lunes, 7 de marzo de 2016

Mad Max

Cualquier gallego conoce la fama del eucalipto: estropea el suelo, consume mucha agua, desprende tanta cáscara que nada crece bajo él, es una autopista para el fuego y de los primeros en recuperarse después. En el imaginario colectivo, el eucalipto es tirando a cabrón.
El caso es que el otro día me encontré este párrafo en "The Orchid Thief":
There is even a grand champion of Florida's deathless plants. It's the melaleuca, a homely tree from Australia that was brought to the state in 1906 as an ornamental landscaping plant. Melaleucas grow to be fifty feet tall, and have spongy white bark, and look a little like a eucaliptus tree with long hair. They drink so much water that they can dry out an acre of wetlands a day, so they were also used to help drain what was then considered Florida's useless swampland. In the 1970s, real estate developers had melaleuca seeds scattered over the Everglades by plane. Melaleucas love living in Florida. Since their introduction, they have multiplied by the thousands. Ther spread at the rate of fifty acres a day. They have parched and then taken over a half million of the Everglades' 7.6 million acres. Melaleuca leaves are oily and burn intensely. A melaleuca-leaf fire in 1985 left two million people in Florida without electricity because the fueled-up flames burned as high as the main power transmission lines. No one has any sentimental feelings about the species, and most people now consider them as spreading evil. The problem is that melaleucas hate to die. If a melaleuca tree is frozen or starved or chopped or poisoned or broken or burned, it will release 20 million seeds right before it dies, and resow itself in every direction, so in essence it ends up more alive than dead. The trick is to kill the tree gradually, because the shock of dying is what causes it to shoot out its seed. The ranger who led me on my first walk on the Fakahatchee was a melaleuca murder expert. He said that a tiny, pudgy  Australian weevil, known as the snout beetle, lives on melaleuca leaves and flower pods, and that 300 of them had been imported and released in the Everglades, in hope of down the melaleuca population.  He said that, otherwise, the only way to kill the tree in a non-shock way is a method called hack-and-squirt. You hack a little bit of the tree, you squirt in just a little bit of herbicide, come back after a while and hack and squirt again, and keep hacking and squirting until the tree languidly dies.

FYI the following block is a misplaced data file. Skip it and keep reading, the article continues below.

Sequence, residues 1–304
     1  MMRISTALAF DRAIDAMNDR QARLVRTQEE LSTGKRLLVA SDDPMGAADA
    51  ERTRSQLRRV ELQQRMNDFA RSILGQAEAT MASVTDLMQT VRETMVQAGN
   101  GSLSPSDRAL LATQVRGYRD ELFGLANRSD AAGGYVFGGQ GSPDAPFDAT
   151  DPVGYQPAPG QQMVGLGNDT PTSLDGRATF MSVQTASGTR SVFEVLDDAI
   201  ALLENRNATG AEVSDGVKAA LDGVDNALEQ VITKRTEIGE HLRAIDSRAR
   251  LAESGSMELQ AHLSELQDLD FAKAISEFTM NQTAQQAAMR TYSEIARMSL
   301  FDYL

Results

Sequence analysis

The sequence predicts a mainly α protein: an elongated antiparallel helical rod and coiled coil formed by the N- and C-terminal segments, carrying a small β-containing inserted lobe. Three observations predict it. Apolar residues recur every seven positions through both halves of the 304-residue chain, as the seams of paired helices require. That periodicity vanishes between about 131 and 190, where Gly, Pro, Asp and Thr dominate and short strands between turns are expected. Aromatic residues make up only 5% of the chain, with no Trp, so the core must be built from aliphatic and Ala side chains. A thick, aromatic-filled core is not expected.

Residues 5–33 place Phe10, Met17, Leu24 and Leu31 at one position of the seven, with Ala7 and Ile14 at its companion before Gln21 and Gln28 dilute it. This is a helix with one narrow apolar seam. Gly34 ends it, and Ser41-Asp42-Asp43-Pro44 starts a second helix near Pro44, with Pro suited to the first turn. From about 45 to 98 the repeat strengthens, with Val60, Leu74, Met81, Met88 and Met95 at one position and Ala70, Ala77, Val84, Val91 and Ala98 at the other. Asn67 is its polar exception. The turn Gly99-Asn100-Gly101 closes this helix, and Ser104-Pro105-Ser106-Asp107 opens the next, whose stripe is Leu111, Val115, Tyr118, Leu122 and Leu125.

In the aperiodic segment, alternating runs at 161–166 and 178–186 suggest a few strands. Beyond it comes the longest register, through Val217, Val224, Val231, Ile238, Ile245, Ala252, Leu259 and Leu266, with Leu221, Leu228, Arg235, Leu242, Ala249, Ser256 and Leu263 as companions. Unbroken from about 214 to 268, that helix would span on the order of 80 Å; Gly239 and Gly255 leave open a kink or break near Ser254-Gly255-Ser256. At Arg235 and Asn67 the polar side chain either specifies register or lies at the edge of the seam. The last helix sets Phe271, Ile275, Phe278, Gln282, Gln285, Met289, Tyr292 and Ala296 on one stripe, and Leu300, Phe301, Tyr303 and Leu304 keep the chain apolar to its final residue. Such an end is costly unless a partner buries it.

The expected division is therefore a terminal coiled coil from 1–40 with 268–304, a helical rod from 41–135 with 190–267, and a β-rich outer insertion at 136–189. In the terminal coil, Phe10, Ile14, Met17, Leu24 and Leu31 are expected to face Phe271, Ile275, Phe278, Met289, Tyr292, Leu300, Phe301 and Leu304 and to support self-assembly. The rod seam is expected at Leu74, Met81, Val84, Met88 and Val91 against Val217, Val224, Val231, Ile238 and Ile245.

¿A qué clase de torturas espartanas somete Australia a sus árboles? ¿Cómo los deja tan dañados, tan egoístas, asustadizos como monstruos en un país extraño, con tanto miedo a morir que al huir aplastan todo a su paso?

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